More players to make Masters cut

Halfway cut extended to top 50 and ties

Rory McIlroy hits from a bunker  during a practice round for the Masters. The Augusta National chairman has announced changes to the tournament system for the first time in 50 years.  Photograph:  Brian Snyder/Reuters

Rory McIlroy hits from a bunker during a practice round for the Masters. The Augusta National chairman has announced changes to the tournament system for the first time in 50 years. Photograph: Brian Snyder/Reuters

Wed, Apr 10, 2013, 18:38

More players will make the halfway cut in the Masters this year after Augusta National chairman Billy Payne announced changes to the system used for 50 years.

Since 1962, the top 44 players and those tied for 44th after 36 holes have made the cut, but that will be increased to 50 and ties this week. Any player within 10 shots of the lead will also still qualify.

With more players qualifying for the Masters by winning PGA Tour events, Payne also announced that only the top 12 from this year will earn invitations to return to Augusta next year — down from the current 16.

And only the top four from the 2013 US Open will earn invites instead of the current top eight.

Meanwhile, Payne neatly sidestepped the three most controversial issues in golf in his pre-tournament press conference.

On the proposed ban on anchored putters, Payne would only say that he hoped “common ground” would be found so that golf could continue under one set of rules.

On the Royal & Ancient Club following Augusta’s lead and allowing women members, he said that “others should do what they want to do”, and on former champion Vijay Singh’s participation – despite admitting he had used a deer antler spray which has previously been found to contain a banned growth hormone – Payne said the club were following the rules of the World Golf Foundation’s anti-doping policy.

Earlier this year, the PGA Tour came out against the proposed ban on anchored putters which is due to come into effect in 2016, joining the PGA of America in opposing the move. The European Tour then announced its support for the proposals put forward by the game’s governing bodies, the R&A and USGA, but Payne took a diplomatic stance advocated by the likes of Jack Nicklaus, Arnold Palmer and Rory McIlroy.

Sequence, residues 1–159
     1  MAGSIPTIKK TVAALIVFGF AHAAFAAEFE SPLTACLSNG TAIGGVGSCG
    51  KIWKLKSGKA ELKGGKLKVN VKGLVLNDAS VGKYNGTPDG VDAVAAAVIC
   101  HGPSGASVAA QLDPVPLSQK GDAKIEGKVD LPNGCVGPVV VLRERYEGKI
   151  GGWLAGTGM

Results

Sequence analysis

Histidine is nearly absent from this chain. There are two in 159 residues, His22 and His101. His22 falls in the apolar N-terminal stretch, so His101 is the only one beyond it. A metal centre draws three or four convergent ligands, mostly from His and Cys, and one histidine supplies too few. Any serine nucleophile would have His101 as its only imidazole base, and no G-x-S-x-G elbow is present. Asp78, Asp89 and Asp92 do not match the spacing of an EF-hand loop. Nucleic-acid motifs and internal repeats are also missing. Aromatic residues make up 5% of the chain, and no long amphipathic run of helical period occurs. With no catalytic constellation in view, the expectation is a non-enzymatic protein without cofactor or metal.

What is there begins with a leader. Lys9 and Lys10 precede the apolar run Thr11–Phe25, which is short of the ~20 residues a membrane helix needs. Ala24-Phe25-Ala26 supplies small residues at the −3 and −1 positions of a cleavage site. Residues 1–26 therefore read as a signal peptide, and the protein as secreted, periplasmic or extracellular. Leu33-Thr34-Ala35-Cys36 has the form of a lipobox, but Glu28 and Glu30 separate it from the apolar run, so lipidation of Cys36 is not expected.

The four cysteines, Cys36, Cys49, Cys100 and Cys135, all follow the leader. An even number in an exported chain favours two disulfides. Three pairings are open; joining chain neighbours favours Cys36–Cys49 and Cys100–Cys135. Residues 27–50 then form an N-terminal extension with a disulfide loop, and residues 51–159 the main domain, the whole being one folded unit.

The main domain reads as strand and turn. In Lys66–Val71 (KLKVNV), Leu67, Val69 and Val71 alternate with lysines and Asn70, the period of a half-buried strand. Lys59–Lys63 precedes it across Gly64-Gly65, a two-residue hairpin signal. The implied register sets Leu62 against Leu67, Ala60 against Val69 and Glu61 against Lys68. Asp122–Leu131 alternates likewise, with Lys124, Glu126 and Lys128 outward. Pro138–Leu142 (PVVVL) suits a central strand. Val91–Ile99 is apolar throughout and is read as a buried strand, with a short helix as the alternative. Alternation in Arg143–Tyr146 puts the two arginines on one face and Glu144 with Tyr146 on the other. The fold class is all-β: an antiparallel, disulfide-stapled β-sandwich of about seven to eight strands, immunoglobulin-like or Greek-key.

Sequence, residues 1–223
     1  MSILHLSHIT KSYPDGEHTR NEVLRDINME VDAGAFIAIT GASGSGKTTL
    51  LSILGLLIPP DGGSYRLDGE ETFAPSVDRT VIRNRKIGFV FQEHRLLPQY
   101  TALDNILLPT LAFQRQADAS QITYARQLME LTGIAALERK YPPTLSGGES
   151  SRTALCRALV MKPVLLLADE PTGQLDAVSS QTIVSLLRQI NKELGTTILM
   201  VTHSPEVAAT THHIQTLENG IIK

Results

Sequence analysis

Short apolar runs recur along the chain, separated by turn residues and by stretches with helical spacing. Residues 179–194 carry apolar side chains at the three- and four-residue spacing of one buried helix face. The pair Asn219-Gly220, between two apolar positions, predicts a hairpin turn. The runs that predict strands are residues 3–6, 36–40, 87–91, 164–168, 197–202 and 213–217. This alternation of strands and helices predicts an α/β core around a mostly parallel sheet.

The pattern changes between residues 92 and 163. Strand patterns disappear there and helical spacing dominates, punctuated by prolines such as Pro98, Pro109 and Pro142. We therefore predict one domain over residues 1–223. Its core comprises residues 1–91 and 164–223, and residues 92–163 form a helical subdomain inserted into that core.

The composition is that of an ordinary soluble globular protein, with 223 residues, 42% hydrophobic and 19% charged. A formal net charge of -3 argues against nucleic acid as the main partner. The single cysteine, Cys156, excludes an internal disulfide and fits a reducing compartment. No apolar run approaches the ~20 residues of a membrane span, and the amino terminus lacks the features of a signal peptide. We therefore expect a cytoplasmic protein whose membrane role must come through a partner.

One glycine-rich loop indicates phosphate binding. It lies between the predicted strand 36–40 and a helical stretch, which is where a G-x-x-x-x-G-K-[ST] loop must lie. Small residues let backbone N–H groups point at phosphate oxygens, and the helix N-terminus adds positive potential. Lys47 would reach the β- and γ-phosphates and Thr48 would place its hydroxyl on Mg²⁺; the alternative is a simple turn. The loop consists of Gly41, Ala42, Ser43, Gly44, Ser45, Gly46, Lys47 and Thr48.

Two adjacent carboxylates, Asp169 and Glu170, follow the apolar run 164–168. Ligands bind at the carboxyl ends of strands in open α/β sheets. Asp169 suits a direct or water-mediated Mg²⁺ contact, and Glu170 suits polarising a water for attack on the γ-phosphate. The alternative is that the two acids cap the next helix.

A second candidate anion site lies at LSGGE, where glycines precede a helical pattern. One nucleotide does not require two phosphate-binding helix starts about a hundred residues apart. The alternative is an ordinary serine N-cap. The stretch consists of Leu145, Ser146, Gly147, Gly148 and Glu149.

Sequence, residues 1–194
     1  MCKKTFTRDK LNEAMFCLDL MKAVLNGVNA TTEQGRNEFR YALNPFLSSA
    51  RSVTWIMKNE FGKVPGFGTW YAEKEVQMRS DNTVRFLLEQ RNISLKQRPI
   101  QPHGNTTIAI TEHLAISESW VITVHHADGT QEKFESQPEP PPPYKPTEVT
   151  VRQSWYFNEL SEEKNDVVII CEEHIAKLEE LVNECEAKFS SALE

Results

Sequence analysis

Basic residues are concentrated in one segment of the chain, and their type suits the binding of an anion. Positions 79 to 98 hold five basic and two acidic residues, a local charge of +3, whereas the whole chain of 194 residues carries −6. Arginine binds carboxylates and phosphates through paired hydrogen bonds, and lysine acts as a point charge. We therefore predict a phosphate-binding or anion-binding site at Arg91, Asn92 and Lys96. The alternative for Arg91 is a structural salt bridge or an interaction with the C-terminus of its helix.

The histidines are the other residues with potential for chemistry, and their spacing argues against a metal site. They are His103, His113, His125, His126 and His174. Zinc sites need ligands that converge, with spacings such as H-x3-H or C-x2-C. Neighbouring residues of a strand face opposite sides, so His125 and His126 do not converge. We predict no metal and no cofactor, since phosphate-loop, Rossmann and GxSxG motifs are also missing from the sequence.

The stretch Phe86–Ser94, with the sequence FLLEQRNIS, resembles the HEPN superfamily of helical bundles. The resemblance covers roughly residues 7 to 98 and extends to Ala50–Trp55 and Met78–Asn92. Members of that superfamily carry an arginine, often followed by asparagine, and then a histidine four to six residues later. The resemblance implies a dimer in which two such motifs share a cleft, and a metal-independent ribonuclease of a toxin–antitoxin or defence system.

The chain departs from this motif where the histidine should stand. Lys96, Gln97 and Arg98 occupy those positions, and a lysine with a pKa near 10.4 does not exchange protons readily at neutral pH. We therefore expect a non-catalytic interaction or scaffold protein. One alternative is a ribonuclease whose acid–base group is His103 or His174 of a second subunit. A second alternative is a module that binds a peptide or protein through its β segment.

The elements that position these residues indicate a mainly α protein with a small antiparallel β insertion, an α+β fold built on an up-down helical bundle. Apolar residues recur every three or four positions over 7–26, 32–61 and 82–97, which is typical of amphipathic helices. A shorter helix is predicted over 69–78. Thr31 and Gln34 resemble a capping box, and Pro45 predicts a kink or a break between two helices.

“Given the fact that the ruling bodies have not yet declared a decision . . . I do not think it would be appropriate for us to express an opinion, other than to say that we hope and believe that they can reach common ground so that golf will continue under one set of rules,” he said.

When announcing the PGA Tour’s stance, commissioner Tim Finchem said there was an “absence of data or any basis to conclude that there is a competitive advantage to be gained by using anchoring”, suggesting there was no need for a ban. And although he did not specify what would happen if the ban comes into force, there would be a real danger of different rules being applied at different events.

The PGA Tour runs the lucrative American circuit and plays a dominant role in staging World Golf Championship events. Traditionally they adopt the rules of golf as determined by the R&A and USGA, who run the Open Championship and US Open respectively, while the PGA of America organises the USPGA Championship and the United States’ Ryder Cup team.

Payne’s press conference 12 months ago was dominated by questions about Augusta not allowing female members, but that issue was defused by former US secretary of state Condoleezza Rice and business executive Darla Moore joining the club last August, with Payne describing it as a “joyous occasion”.

The R&A remain men-only and among the courses on the current British Open Championship rota are male-only Muirfield – this year’s venue – Sandwich and Royal Troon. But, asked if the R&A should now admit female members, Payne said today: “That would be their decision. We have chosen to do what we did and I wouldn’t propose to issue an opinion for those other clubs. I think they should do what they want to do and I would not interject the way I feel on the issue.”

As for Singh, who has continued playing while the PGA investigates his admission in a magazine article that he had used the spray, Payne said: “We are supporters of the World Golf Foundation’s anti-doping policy and, under their current rules and regulations, he is currently qualified to participate. We follow those rules so he’s going to participate here.”